28th June 2022

    Sunflower Memories: Deborah’s story

    Deborah Appleton’s dad, Wally, and husband, Pete, each received Pilgrims Hospices’ vital end-of-life care, so she now remembers them as part of the charity’s Sunflower Memories and Trees of Love campaigns.

    Here, Deborah shares why remembering her loved ones in this way is so important.


    Deborah’s dad, Wally

    When Dad started to become ill, my sister and I decided we would care for him at home for as long as we were able. It wasn’t an easy task, we did the best we could but he was going downhill rapidly.

    We sat and talked with him about going into the hospice as we all knew it was only a matter of time. At first he refused to go, then one evening he took a turn for the worse and asked us to ring the hospice. That was the first encounter I had with the hospice; we didn’t know what to expect, how he would be looked after or anything about how it worked.

    We needn’t have worried. The staff at the hospice were absolutely amazing. They explained everything to us in a way we could understand, and each and every one of them treated our dad as though treating one of their own loved ones. The attention, compassion, gentleness and devotion to their patient knew no bounds – not just for Dad, but also for us as a family. They didn’t just care for Dad in a medical way, they were also there with advice and for any help we needed from there on in, reassuring us that they were there for us not just at that time but whenever we felt we needed them. That’s when I realised just how special the people who work at the hospice are.

    That’s what they do at the hospice, they give you a shining light when all you see around you is darkness and despair. That is what the sunflowers represent to me personally.

    Deborah

    So, over the years that have passed the hospice and all of its staff have been a very big and important part of my life. I always love attending the carol service, which was sadly marred by the dreaded COVID outbreak, but the sentiment and feeling was as beautiful as ever. That’s what they do at the hospice, they give you a shining light when all you see around you is darkness and despair.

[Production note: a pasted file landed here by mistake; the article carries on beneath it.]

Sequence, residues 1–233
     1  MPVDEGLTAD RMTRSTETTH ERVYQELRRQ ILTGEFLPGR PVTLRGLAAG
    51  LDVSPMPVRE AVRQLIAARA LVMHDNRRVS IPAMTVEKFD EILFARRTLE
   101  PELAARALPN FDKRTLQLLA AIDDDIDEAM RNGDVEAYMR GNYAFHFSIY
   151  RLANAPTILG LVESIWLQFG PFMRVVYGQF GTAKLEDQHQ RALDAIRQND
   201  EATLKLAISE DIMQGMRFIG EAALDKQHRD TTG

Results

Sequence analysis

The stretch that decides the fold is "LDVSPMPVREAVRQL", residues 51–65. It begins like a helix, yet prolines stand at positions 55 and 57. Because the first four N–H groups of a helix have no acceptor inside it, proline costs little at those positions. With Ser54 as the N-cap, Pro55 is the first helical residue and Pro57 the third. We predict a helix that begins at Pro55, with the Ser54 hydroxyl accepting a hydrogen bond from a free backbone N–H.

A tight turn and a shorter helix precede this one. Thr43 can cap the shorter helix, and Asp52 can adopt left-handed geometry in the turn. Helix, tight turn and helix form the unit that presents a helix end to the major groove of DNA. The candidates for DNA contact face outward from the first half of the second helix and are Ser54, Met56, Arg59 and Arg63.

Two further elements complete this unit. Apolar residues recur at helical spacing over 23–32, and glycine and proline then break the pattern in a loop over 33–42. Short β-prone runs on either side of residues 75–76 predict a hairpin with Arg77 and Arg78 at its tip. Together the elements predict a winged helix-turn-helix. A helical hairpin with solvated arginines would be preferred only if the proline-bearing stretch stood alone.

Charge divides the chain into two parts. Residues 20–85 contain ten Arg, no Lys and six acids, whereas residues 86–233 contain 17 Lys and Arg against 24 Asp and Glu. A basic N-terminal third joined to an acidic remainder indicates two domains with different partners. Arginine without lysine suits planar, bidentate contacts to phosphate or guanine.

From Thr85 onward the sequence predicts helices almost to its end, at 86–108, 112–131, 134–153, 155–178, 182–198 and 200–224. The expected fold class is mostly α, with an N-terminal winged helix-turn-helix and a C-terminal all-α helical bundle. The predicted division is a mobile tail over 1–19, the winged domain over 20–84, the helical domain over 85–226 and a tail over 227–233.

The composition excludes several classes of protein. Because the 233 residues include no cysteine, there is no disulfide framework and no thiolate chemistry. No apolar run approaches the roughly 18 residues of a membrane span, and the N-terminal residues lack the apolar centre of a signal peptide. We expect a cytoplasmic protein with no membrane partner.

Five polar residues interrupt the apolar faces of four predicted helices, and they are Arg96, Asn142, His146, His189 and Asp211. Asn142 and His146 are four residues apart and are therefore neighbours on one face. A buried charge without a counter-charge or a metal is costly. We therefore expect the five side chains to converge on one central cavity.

That is what the sunflowers represent to me personally. There’s a sunflower quote that says, “Our stories and struggles are all different, but we each deserve to bloom, something will grow from the pain and anguish you are going through, and the something… will be you!”

    Deborah and Pete

    Then last year, the worst news I could ever have expected suddenly took my breath away and ripped my heart and my world to shreds.

    My beautiful husband, best friend, constant companion and confidant, soulmate, twin flame and complete love of my life for the past 40 years was diagnosed with advanced lung cancer. Within three months I had lost the only man I have ever and will ever love. There was barely a day we were not together; we worked together, played together, laughed, cried, you name it, we did it together.

    My whole life felt like somewhere I didn’t want to be anymore, but we fought the battle together and with the help of my sons and daughter we gave it everything we had.

    We nursed Pete at home at first, but he had a fall and was taken to hospital, where they found he had two broken ribs, so he didn’t come home. We were blessed though because staff from the hospice came and took him with them. He was a different person while he was in there. Cheeky, contented and had 100% faith in all of the staff. They were wonderful with him; if I couldn’t look after him at home, I can think of no place nor people better that I could or would have left him with.

    My darling Pete passed a week later. We made a pact when we were first together all those years ago, that whoever went first wouldn’t completely go until it was time for the other. I’m proud and lucky to say, “My Pete did not let me down”. I’m as proud of him as I have ever been, and know that no matter what, one day we will unite as that one spark we have always been.


    Sunflower Memories events will take place at our hospices in Ashford, Canterbury and Thanet on Saturday 30 July 2022.

    If you’d like to dedicate a sunflower in memory of a loved one, please visit pilgrimshospices.org/sunflowers.

    If you’d prefer to remember from home, please visit our online Memory Wall where you can post pictures and messages in honour of your loved one as part of our annual summer remembrance.


    Pilgrims Hospices cares for thousands of local people each year, free of charge, during the most challenging time in their lives. They offer care and support in people’s own homes, in the community and in their inpatient units as well as running a 24-hour advice line.

    20th December 2021

    Trees of Love raises £1 million for hospice care!